Adapted from a recent online discussion.
Dear Carolyn: I would like to understand how people make new friends when they are in their mid-50s. Where are they going, or what activities are they doing, to make and keep interesting friends? What’s the secret I have not learned? I believe I am flexible, adventurous, a good listener, creative, outgoing and fun. I am interested in their lives. I want to know: Why they chose the field they are in? Why they live in this area? What are their hobbies? Are politics important to them? What types of food do they like? I do not ask all these questions at once but over time to show interest in their lives.
At the gym, people seem to be with people they know or working out by themselves. On group hikes, I have found people are with people they already know and do not seem to be interesting in adding to their circle of friends.
Carolyn says: The older I get and the more relocations I have behind me, the more I believe habit is the key ingredient. Go to the same things in the same general time window and stick with it. Obviously you need to choose the right thing, which might involve some trial and error; if it’s a place where everyone’s using earbuds, then you’ll never break through. But if you choose conversation-friendly group activities that meet daily/weekly/whatever and involve some kind of shared leisure, entertainment, work and/or values, and then be patient (asterisk), you’re giving yourself the best chance you’ve got.
There’s a reason work and school are where so many people make friends: You’re there day in, day out, over months and years, with a shared purpose. So those are the conditions to try to re-create.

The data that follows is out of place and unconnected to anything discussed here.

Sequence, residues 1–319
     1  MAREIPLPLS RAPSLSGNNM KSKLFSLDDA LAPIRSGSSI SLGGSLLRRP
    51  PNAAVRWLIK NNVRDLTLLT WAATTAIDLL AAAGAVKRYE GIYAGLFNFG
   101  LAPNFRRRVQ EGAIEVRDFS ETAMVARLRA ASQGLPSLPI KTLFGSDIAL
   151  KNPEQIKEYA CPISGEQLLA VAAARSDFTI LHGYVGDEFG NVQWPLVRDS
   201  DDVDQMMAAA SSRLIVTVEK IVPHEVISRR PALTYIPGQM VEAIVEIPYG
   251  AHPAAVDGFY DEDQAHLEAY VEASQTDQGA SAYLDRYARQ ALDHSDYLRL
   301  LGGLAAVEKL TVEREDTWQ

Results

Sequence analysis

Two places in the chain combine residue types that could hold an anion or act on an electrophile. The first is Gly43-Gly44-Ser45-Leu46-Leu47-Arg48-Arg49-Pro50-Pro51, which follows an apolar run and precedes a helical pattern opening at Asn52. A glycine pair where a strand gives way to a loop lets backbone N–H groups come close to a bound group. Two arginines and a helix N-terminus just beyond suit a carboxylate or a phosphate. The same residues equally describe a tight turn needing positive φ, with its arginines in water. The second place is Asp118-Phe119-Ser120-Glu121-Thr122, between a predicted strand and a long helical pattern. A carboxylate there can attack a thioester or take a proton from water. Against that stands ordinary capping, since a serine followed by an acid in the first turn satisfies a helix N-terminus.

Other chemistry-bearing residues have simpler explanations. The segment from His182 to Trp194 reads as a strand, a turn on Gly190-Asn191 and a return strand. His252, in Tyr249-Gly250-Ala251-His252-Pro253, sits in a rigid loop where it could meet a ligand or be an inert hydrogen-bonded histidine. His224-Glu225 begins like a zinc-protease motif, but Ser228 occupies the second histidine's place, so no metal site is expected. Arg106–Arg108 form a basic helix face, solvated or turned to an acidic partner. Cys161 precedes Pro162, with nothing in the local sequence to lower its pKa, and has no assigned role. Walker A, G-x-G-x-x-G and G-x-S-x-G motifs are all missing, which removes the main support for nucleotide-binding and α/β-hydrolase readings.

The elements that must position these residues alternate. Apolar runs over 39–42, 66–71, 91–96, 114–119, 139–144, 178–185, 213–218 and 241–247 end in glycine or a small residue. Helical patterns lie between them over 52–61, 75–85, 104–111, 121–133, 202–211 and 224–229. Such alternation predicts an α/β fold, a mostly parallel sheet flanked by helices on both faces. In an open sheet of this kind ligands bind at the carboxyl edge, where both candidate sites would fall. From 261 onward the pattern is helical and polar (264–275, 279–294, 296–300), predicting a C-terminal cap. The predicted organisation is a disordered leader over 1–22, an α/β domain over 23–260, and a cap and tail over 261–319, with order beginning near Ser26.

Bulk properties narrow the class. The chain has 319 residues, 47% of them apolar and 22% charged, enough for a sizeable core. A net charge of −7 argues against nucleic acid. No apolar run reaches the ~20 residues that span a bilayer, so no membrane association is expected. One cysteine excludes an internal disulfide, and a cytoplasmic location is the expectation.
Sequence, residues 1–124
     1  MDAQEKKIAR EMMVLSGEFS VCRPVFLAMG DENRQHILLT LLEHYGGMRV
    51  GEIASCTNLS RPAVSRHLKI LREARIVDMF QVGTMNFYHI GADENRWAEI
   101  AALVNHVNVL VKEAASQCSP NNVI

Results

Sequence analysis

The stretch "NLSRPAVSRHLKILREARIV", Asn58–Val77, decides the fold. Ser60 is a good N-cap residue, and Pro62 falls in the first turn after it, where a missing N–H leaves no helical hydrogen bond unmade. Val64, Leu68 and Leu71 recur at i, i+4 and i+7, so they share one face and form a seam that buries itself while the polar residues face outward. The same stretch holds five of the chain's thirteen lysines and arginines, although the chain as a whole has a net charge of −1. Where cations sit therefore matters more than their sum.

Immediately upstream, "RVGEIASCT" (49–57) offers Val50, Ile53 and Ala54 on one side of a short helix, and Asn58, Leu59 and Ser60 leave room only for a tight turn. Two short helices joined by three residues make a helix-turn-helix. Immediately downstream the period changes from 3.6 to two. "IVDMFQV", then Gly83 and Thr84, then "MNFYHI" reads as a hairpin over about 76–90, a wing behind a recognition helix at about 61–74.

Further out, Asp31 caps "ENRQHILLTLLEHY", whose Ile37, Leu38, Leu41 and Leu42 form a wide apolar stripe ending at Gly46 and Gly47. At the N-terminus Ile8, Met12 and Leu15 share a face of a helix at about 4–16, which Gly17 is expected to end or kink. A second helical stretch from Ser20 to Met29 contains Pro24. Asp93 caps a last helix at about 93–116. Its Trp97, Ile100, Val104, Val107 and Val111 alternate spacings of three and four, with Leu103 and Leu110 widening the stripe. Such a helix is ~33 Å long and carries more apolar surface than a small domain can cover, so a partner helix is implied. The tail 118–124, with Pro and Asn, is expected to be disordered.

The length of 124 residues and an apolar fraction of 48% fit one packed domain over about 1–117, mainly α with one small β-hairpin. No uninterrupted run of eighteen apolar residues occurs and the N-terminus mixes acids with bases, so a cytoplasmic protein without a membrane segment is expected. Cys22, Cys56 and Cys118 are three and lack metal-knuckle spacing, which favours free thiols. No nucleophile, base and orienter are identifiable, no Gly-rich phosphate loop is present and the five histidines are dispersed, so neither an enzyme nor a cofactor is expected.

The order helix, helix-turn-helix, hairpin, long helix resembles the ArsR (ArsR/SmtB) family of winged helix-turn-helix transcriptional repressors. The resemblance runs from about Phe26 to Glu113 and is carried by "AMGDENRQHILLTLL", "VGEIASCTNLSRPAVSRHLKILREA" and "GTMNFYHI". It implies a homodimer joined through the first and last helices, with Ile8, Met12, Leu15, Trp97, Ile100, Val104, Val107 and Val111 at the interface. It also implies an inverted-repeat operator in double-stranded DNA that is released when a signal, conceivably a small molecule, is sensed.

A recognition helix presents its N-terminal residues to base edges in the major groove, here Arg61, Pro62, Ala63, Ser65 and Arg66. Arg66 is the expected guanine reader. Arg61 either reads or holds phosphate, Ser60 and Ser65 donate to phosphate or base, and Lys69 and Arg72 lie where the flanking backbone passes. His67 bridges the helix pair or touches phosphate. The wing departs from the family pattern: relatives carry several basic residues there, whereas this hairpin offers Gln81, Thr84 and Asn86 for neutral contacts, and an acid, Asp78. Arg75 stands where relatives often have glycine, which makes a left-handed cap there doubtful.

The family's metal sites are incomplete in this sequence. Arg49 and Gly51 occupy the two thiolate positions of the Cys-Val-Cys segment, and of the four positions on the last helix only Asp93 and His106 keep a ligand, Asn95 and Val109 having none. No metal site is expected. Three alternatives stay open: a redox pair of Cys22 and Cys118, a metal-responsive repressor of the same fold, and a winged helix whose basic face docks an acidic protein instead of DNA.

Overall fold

Sometimes it just doesn’t work — I don’t know if some places are just unfriendly or there are times when the stars don’t align right. But it takes commitment and reminders to self that just about everyone finds this tough.
Join an amateur performing arts group. Best way to create intimacy is to be vulnerable with people, and nothing makes you more vulnerable than singing or dancing or acting in public. No talent? Be backstage. There are a lot of people depending on you to hand them a prop or set up the microphone. And there is always a decent chance they might want to see a play or other performance with you.
We relocated two years ago. After trying everything we could think of, our best results came from the group we saw every Saturday morning at the dog park.
We retired in our 60s three years ago to an area where we knew very few people. We now have lots of friends via the dog park and (for me) playing duplicate bridge regularly and taking a writing class. Carolyn’s right; it’s all down to regular no-pressure contact.
Don’t try too hard with people. Overeagerness is often a turnoff and can come across as needy.
Carolyn says: That’s the “Quick, don’t think about cheesecake!” of advice, but, yes — it’s also correct. Thanks, everybody.
E-mail Carolyn Hax at email@example.com, or chat with her at 11 a.m. Friday at washingtonpost.com.